After all, what do we mean when we say we “value” the customer? There is a philosophical component to this idea but a measurable definition is needed if we want to consistently demonstrate the ideal. It starts with the easy correlation to satisfaction ratings. A target satisfaction rate of 95% goes a long way to explaining how much you value the customer.

But there are other metrics, too. How much of the annual budget is invested in customer service? What does that yield in Customer Retention? Or Total Customer Cost?

These questions are a means for clearly articulating your philosophy beyond empty platitudes. Maybe “customer retention” matters. Maybe it doesn’t. It depends on your intrinsic values.

This work shouldn’t be too formulaic or deeply complex. It shouldn’t be without measure, either. To gently adapt the Steven Pinker line:

Values without metrics are blind, but metrics without values are empty.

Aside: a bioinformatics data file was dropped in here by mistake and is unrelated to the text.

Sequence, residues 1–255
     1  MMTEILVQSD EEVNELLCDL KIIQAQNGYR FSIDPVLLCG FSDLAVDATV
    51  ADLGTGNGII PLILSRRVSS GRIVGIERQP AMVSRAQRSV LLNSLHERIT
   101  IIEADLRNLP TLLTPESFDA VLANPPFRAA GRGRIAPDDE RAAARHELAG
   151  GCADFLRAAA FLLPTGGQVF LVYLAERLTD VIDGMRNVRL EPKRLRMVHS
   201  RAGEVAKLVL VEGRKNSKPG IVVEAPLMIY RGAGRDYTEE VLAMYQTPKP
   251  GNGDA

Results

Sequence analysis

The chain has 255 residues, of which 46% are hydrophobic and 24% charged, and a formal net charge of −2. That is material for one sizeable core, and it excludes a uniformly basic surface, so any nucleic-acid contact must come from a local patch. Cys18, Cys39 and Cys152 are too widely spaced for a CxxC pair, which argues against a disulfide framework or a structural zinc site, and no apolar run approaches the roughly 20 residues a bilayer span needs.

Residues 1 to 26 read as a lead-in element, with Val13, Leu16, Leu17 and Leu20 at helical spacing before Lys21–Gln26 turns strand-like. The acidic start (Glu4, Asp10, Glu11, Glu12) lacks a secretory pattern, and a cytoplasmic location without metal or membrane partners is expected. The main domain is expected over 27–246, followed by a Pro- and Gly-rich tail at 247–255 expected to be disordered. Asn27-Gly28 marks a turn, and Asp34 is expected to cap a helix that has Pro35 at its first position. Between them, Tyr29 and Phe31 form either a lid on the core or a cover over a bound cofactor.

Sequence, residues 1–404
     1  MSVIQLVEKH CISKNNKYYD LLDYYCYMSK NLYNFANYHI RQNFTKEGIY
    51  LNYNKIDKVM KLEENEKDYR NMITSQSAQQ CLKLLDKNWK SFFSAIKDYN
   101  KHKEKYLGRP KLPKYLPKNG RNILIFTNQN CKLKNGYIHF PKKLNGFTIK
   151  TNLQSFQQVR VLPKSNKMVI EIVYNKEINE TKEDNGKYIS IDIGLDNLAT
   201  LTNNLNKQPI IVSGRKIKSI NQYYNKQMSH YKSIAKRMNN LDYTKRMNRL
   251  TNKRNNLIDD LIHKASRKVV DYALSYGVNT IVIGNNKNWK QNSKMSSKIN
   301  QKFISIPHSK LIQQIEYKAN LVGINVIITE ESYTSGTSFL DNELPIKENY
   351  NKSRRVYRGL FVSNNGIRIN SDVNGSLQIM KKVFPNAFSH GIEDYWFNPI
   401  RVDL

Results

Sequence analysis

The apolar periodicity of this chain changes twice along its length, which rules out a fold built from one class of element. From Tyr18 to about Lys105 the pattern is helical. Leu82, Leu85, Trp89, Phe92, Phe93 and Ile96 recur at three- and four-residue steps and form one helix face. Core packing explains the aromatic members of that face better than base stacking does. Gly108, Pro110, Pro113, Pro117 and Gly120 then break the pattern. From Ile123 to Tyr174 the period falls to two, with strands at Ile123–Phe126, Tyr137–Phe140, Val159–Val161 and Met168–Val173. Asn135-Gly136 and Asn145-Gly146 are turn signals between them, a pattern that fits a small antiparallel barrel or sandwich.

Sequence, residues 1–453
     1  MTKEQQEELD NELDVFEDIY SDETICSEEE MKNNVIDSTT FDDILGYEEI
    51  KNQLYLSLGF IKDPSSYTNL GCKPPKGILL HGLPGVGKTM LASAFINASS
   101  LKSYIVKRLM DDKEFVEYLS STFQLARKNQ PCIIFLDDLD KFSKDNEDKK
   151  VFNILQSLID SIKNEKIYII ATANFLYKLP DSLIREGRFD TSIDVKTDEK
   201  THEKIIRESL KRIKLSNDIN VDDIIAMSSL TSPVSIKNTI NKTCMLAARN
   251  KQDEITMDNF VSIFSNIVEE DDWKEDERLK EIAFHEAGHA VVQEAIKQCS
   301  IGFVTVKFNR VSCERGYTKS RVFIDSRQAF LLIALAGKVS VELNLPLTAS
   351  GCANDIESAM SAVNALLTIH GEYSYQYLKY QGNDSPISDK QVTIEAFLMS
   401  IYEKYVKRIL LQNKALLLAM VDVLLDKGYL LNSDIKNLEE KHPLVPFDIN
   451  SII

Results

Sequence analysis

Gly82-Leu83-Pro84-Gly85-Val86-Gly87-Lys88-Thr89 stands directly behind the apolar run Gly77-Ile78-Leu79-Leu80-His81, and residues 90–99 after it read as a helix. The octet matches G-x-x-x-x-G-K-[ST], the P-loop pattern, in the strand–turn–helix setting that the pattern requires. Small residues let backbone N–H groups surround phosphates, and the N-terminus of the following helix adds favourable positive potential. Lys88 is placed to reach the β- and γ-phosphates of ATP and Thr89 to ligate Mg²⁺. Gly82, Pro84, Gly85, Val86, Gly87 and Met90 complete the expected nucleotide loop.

So great metrics lead to action. As it is aligned to your values as a service or business or kitchen cook.

An Extra Benefit Of Metrics

And ultimately, it should lead to simplification, too. Or rather, focus. Because the one bad thing about metrics is that you can have a lot of them. In Lean Analytics, the authors give a basic overview of all the different measures that you can find in any major technology sector. There are hundreds. And that just barely scratches the surface.

You can’t have them all. The authors recognize that a collection of many equally-weighted actionable metrics typically leads us to having no action. That’s not exactly the “Lean” way.

Optimization, and school valedictorians, would say otherwise. We can get an A+ in everything! But that doesn’t work until you’ve simplified to a single metric above all of it. In the school valedictorian’s case, that single metric is GPA.

What is it for the business? The service? The weekly meal plan? I’m not sure. But I want to know. It’s amazing what can happen when we get it right. It’s terrifying what happens when we get it wrong.

In closing, I don’t want to measure everything in my life, per se. I just want to define what matters most. A solid measure can help me do that. And thus help me simplify.

Photo by Stephen Dawson on Unsplash